The Box: RAC to Rose's rescue

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The Independent Online
JEFFREY Rose, the former chairman of the Royal Automobile Club who was forced out of his job after he wrote to members urging them to make a cash killing by floating off the RAC rescue service, kept his rather grand Bentley as part of his leaving package. Unfortunately, last week it broke down three times. Ironically, it was those helpful men in an RAC van who came to his rescue each time. Now why did Jeffrey ever think he could make do without them?

Trouble with truffles

NEW Yorkers who are fed up with Clinton's Zippergate saga have a new oral scandal to occupy their frenetic minds: "Trufflegate". Apparently most of the city's top restaurants - Le Cirque 2000, Restaurant Daniel, Bouley and Jean-Georges - buy their truffles from an Italian company called Urbani Tartufi. Now Urbani has been caught with 100,000lb of illegal Chinese black truffles in one of its Italian warehouses. What's the difference? The Chinese variety sells for $10 a pound while the Italian ones go for more than $300. All the chefs, according to the New York Post, are adamant that they could not have been fooled into serving the inferior Chinese kind to their glittering customers. However, in Pandora's opinion the American public will swallow just about anything.

Nissan's hero Cedric

TONY Blair's admiration for the absurd neo-gothic Walter Scott potboiler Ivanhoe is apparently shared by much of the Japanese nation. The book is such a favourite that Nissan has named its top-of-the-line car after one of its characters: Cedric. Unfortunately, the vehicle is only sold in Japan. However, Pandora is happy to provide readers with a few ridiculous lines from the book, to wit: "He had thin silver bracelets upon his arms, and on his neck a collar of the same metal bearing the inscription, `Wamba, the son of Witless, is the thrall of Cedric of Rotherwood.'"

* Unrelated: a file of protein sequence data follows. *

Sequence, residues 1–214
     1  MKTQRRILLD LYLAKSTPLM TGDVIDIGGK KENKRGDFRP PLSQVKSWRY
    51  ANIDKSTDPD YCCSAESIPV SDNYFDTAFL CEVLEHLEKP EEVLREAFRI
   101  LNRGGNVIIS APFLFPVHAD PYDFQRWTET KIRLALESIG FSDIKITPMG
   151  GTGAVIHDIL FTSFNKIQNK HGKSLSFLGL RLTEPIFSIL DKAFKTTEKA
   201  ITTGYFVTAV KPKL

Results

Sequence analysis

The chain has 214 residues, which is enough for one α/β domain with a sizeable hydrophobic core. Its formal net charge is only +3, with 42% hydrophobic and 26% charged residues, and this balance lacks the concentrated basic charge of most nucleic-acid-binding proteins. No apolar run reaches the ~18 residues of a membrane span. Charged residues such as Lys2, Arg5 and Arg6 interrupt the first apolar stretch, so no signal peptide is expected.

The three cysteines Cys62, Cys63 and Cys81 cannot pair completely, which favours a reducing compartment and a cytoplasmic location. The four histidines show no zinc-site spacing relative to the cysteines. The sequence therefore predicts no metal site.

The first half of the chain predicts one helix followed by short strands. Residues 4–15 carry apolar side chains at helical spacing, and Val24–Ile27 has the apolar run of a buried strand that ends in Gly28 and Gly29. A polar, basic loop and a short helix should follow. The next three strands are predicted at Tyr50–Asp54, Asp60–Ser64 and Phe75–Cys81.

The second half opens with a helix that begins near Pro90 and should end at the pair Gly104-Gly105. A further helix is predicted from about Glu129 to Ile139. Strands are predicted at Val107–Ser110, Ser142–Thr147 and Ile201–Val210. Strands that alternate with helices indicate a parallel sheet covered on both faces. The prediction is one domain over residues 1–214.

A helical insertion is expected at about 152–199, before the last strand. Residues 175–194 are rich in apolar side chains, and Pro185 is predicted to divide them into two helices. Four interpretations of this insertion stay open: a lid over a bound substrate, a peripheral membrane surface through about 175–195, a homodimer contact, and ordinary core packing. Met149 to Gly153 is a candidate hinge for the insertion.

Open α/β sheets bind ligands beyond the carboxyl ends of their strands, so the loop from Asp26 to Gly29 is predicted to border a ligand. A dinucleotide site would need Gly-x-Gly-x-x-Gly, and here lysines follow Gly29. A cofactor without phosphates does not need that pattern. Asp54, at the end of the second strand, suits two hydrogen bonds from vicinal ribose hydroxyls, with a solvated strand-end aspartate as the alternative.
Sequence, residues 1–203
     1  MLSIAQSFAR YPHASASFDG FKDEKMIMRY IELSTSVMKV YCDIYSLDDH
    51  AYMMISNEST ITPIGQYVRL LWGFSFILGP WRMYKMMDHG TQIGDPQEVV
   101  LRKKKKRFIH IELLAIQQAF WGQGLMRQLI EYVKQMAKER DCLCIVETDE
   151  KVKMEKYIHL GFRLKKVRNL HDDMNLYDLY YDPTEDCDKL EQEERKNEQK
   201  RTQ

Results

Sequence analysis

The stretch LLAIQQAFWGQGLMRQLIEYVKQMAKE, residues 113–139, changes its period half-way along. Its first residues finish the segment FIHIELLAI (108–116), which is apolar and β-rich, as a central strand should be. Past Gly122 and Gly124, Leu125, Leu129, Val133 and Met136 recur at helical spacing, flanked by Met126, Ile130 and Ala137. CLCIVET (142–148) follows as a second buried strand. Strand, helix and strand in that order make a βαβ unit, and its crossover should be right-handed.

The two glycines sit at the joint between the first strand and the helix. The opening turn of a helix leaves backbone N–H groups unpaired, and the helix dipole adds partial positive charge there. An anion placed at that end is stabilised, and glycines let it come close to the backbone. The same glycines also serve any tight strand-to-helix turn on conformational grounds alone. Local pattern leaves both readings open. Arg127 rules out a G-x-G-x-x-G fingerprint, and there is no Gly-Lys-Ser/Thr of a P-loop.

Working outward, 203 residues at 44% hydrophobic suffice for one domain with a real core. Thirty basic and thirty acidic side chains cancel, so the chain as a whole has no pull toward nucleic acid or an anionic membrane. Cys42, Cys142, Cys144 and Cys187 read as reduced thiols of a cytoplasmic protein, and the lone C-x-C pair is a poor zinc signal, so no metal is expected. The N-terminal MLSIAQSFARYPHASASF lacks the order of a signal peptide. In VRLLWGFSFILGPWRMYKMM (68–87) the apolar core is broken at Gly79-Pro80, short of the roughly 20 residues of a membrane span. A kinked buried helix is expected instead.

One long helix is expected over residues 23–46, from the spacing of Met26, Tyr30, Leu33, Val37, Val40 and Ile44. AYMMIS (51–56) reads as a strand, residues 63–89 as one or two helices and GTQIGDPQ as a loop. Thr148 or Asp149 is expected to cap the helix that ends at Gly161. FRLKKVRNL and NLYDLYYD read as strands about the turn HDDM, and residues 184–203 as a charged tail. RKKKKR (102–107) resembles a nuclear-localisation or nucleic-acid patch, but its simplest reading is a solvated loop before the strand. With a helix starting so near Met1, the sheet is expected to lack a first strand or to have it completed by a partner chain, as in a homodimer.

The Prescott wake-up call

MARGARET and Leo Beckett occupy an impressive government flat in Whitehall that comes with its own snooze alarm. Every morning they are roused from sleep by the sound of their upstairs neighbour trudging heavy-footed across the floor from his bed to the lavatory, pausing for a few moments, then trudging back. Their neighbour is, of course, Deputy Prime Minister John Prescott.

Busy Mr Mellor

DAVID Mellor, former MP and "minister for fun", was invited recently to be the guest speaker at an Inn on the Park banquet held by Movers & Shakers, a group of British property industry leaders. The fee for his appearance was agreed at pounds 3,500. Invitations specified "7:30 pm for 8" and Mr Mellor duly turned up on time. The only problem was that he had arranged a private meeting to take place in the hotel's bar. When eight- thirty had come and gone, a representative of Movers & Shakers approached Mr Mellor and asked if he would like to come join the group? No, he was too busy. Finally, at 8:55pm, the great man finished his private business and deigned to join the group who were paying him handsomely. Humble pie was obviously not on the menu.

Spotting George Michael

HOW eerie that George Michael was arrested for lewd conduct in a Beverly Hills toilet located in Will Rogers Memorial Park. It was Will Rogers, the American cracker-barrel philosopher, who became famous for saying, "I never met a man I didn't like."

Mexican knicker protest

MEANWHILE, a group of Mexicans have come up with a unique form of protest. Bank debtors who suffered during the 1994 crash of the peso are up in arms about legislation being considered in the Mexican congress. They are hanging clothes lines festooned with underwear - including red lace knickers and white boxer shorts - across the doors of the country's finance ministry. As a smoker and drinker outraged by the last budget, Pandora is considering hanging a few suspender belts and Y-fronts across Gordon Brown's front door in Downing Street.